restarted his work. in february, he was a few hours away from boarding a plane to washington, where his family lives for their safety, when he says he was poisoned a second time. we sat down with him and his wife yevgenia in march. >> above all, i could feel that i couldn't breathe. and at this stage, when you are lying there, trying to gasp for air, you know, i felt, just, life slowly going out of the whole body. and i remember that distinct feeling: that this is it. this is the end. now i'm gonna die. i only had a few minutes where i was still able to do something, so the only thing i was able to do, i called my wife, yevgenia, who was here in the united states. >> i asked them to take him to the hospital, to the same medical team that treated him in 2015. had he been on the plane, had he been alone in his apartment, had he been somewhere with, i don't know, in the streets of moscow-- oh my god, what are you doing to us?
>> reporter: kara-murza had noticed that almost every night, moscow city workers removed boris nemtsov's memorial. so he made a film to protect his mentor's career and life. nemtsov now became a leader of >> this film is about the portrait of a man who could, if not for a quirk of fate, very well have become the president of russia. >> reporter: do you miss him? >> there are no words to describe how much i miss him. sorry. >> the risks have become more palpable. they do hit close to home, closer and closer every time. >> reporter: have you ever asked him not to go? >> it is terrifying, i'm not going to lie to you. but i could never ask him to betray what he believes in. i want him to continue to do what he thinks is important, what he thinks is right.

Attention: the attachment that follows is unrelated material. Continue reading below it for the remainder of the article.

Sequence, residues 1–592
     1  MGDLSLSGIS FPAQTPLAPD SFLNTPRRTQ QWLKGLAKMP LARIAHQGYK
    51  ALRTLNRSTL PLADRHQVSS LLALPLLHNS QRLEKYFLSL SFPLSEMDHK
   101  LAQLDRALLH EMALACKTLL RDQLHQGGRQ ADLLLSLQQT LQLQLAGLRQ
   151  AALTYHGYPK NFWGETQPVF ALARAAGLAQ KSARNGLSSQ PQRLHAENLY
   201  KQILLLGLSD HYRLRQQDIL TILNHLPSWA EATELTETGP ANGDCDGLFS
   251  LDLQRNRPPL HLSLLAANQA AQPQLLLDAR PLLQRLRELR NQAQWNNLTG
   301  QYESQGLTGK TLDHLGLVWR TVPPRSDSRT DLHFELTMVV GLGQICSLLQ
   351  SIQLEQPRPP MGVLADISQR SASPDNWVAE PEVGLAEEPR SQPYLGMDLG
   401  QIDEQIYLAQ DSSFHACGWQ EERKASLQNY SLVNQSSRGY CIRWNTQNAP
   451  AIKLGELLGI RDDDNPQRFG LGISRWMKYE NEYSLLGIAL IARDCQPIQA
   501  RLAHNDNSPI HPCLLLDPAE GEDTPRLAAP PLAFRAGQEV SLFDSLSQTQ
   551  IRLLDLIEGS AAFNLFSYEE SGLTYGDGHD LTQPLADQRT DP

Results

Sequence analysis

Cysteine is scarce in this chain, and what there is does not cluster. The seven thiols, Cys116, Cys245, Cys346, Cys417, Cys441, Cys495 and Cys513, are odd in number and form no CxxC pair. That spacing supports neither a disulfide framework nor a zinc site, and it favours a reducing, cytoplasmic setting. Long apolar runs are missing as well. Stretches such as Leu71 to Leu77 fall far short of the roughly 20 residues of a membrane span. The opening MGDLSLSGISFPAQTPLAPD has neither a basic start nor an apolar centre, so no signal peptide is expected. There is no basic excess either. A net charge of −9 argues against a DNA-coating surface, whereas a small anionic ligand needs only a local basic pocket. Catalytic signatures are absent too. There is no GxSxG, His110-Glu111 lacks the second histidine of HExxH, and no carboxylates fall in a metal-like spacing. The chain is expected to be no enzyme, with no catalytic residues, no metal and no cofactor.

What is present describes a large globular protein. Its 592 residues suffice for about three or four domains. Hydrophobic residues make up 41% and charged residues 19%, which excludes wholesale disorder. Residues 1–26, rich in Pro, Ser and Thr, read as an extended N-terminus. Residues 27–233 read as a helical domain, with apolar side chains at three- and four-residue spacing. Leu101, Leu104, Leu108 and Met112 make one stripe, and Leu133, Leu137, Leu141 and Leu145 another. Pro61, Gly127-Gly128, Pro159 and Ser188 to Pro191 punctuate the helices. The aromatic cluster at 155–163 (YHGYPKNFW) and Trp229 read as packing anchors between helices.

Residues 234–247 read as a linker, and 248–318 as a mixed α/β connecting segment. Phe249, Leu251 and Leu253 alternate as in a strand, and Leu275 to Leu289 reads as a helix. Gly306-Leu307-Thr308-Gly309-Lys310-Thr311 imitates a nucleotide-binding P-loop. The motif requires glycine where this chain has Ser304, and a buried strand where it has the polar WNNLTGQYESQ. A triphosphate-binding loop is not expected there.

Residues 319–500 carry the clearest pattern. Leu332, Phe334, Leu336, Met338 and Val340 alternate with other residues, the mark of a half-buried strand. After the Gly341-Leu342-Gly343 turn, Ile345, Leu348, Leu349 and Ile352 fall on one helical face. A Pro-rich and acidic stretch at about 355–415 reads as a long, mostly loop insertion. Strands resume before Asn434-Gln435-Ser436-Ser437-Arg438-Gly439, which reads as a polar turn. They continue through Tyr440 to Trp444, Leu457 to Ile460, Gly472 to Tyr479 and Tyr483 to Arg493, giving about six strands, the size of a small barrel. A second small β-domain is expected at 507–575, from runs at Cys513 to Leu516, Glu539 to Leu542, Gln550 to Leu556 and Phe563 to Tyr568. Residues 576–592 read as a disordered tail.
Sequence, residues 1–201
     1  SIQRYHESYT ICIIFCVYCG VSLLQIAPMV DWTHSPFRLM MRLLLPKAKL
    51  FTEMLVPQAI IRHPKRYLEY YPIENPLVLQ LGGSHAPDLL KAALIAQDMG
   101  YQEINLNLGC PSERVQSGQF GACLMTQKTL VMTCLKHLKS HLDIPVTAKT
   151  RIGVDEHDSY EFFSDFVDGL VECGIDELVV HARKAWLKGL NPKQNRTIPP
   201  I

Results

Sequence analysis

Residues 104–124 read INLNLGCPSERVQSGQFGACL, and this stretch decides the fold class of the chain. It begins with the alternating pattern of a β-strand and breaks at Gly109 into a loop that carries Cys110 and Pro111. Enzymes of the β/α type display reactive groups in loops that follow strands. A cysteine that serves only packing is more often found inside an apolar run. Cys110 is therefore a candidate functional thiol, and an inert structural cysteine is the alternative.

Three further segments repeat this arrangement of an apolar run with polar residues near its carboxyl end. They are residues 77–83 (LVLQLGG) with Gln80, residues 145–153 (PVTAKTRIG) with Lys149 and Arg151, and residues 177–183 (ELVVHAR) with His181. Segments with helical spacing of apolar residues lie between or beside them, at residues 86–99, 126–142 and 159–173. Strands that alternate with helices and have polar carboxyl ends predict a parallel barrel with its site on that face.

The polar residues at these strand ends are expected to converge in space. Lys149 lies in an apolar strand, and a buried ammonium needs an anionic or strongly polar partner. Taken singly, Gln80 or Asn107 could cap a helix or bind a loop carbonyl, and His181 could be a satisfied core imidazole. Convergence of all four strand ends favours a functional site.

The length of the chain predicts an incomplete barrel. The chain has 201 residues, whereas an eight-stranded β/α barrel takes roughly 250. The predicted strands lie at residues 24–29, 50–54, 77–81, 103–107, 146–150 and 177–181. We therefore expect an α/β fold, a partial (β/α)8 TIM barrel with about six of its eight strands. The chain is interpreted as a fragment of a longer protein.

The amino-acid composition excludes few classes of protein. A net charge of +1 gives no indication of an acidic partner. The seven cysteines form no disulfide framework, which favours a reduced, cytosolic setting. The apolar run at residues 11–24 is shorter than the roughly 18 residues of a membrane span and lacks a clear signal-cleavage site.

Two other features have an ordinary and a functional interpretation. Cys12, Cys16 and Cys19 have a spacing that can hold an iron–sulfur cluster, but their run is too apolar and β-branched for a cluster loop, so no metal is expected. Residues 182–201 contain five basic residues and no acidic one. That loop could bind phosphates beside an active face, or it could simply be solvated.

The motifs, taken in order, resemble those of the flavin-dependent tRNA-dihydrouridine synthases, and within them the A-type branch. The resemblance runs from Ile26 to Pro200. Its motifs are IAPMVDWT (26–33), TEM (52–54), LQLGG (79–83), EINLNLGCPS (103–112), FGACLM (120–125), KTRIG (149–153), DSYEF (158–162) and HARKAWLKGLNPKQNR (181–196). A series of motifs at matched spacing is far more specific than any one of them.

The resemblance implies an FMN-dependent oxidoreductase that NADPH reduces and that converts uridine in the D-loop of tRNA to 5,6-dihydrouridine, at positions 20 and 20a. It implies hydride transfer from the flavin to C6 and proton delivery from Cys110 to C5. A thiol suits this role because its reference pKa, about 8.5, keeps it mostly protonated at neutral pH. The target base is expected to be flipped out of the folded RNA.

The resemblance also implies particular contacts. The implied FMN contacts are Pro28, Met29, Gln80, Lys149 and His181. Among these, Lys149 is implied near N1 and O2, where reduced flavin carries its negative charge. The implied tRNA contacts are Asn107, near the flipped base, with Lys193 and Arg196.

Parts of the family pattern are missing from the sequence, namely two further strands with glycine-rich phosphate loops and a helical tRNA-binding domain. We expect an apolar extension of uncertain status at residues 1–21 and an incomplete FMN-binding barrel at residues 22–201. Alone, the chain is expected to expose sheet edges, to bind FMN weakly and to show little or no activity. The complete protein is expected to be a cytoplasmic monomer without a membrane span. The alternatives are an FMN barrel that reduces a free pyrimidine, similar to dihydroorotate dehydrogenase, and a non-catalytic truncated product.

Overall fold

>> reporter: and her faith allows kara-murza to keep his faith, that he can change the system. he says after recovering, he'll go back to russia to finish the work that he and nemtsov started. for the pbs newshour, i'm nick schifrin in moscow. >> woodruff: and our week-long series, "inside putin's russia," wraps up tomorrow with a look at the relationship between russia and the united states. >> woodruff: but first, when it comes to wall street, many people think of money and greed. but a professor at harvard business school argues there's a lot more to the world of finance, and he uses books and movies to make his case. our economics correspondent paul solman has the story. it's part of our series, "making sense," which airs every thursday.
>> one, two, three! >> reporter: the field of finance. you might say it has an "image problem." consider "the wolf of wall street," based on a real-life character. >> if anybody here thinks i'm superficial or materialistic, go get a job at mcdonald's, because that's where you ( bleep ) belong! >> reporter: investment banker patrick bateman in "american psycho" is fictional, but not entirely implausible. >> i have all the characteristics of a human being: flesh, blood, skin, hair. but not a single clear, identifiable emotion, except for greed and disgust. >> reporter: hey, finance has had an "image problem" since buyout bro gordon gecko graced the silver screen 30 years ago. >> the point is, ladies and gentlemen, that greed, for lack